The Second of May 1808, by Francisco Goya
The scene is a street battle which took place between Napoleon's squadron of Mamelukes and Spaniards during the riots in Madrid in 1808. Painted in pastel blues, pinks and browns with touches of crimson, it contrasts with its darker companion piece.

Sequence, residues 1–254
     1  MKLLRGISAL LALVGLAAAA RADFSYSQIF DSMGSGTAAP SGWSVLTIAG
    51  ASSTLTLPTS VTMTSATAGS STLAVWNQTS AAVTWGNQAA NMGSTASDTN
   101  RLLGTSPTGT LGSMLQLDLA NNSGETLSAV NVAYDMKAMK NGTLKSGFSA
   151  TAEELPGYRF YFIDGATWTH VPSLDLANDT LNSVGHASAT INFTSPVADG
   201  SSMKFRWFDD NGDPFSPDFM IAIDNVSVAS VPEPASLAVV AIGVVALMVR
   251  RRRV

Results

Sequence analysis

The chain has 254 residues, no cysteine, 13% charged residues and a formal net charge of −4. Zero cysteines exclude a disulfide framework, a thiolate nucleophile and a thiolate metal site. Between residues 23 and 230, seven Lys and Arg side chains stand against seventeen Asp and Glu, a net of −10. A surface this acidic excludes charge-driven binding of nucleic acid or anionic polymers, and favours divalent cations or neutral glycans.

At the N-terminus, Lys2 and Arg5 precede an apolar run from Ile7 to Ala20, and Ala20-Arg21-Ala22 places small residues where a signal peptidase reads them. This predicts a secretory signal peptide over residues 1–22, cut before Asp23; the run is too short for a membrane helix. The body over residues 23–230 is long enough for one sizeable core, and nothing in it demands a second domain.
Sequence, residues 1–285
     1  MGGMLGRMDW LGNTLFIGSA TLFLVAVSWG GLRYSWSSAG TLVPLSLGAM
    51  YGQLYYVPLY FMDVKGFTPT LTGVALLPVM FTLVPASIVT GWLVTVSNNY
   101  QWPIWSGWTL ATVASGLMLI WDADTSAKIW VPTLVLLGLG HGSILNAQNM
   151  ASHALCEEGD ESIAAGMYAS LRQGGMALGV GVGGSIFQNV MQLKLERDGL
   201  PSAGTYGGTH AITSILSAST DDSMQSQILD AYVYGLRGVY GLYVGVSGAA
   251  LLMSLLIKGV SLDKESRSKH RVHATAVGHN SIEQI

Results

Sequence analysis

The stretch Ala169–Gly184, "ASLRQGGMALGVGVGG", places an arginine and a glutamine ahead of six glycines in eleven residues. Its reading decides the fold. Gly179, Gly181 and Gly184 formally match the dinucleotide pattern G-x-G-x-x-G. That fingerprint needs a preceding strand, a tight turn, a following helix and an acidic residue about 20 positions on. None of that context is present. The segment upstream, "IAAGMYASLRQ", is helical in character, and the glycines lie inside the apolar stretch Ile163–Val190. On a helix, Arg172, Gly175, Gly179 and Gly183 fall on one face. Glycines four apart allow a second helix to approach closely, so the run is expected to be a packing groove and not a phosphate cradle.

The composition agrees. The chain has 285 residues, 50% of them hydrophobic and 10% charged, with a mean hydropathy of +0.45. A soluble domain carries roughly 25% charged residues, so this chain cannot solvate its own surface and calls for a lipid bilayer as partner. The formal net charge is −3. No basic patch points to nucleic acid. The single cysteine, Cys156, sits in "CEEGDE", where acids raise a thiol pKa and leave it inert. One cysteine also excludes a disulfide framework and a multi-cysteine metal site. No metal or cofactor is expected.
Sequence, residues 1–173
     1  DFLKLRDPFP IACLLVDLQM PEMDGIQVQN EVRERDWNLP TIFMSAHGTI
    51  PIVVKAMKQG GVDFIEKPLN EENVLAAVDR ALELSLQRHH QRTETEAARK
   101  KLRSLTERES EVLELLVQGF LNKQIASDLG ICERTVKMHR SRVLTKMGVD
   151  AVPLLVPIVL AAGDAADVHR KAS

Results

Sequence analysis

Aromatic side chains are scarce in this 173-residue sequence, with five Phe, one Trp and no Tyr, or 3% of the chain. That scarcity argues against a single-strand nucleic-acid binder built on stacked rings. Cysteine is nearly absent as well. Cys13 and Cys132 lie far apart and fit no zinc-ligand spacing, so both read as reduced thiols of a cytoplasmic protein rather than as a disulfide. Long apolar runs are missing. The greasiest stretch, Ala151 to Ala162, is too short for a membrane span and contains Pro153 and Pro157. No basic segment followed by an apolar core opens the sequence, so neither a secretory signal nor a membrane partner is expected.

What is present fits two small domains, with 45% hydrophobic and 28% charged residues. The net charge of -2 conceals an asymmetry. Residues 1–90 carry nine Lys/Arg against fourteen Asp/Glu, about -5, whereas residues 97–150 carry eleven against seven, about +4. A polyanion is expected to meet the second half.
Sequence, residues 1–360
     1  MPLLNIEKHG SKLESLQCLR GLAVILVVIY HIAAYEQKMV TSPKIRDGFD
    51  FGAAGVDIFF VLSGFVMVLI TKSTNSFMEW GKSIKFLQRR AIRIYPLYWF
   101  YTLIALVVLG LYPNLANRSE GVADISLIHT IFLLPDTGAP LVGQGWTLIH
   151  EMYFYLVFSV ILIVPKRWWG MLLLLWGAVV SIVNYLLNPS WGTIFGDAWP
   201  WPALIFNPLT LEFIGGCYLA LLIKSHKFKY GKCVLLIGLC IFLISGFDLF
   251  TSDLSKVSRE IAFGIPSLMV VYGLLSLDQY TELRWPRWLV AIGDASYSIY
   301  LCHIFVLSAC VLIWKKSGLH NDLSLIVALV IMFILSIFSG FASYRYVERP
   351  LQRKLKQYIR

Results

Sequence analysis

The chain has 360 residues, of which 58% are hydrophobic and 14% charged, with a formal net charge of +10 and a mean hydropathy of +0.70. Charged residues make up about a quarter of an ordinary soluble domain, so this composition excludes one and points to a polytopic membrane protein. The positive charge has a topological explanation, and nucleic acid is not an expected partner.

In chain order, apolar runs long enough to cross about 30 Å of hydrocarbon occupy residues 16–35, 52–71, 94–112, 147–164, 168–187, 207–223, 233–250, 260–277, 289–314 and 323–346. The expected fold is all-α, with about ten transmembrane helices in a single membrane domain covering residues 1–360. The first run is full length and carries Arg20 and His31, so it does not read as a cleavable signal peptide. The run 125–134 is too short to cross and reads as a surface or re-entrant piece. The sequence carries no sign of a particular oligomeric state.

Perhaps hoping for a share of the money subscribed in large amounts for the creation of commemorative works of art, Goya produced both pictures in a year of public mourning for victims of these riots. He petitioned the government for financial aid in painting two pictures of 'our glorious insurrection against the tyrant of Europe'. He received a monthly allowance of 1500 reales plus the cost of materials, but his paintings aroused little interest, perhaps because his style was so different from the predominantly Neo-Classical designs of his contemporaries. It is highly unlikely that Goya saw any of the eighty-six Mamelukes in Madrid in 1808, and the Mamelukes in the picture have been transformed into Moors. The attitudes of the rebels seem highly reminiscent of the bullring: they posture like matadors, and the horses, particularly about the hindquarters, are bull-like. The entanglement of horses and bodies represents a transference of Goya's absorption in the interplay of speed, heavy animal-power and convergence of acute angles of movement,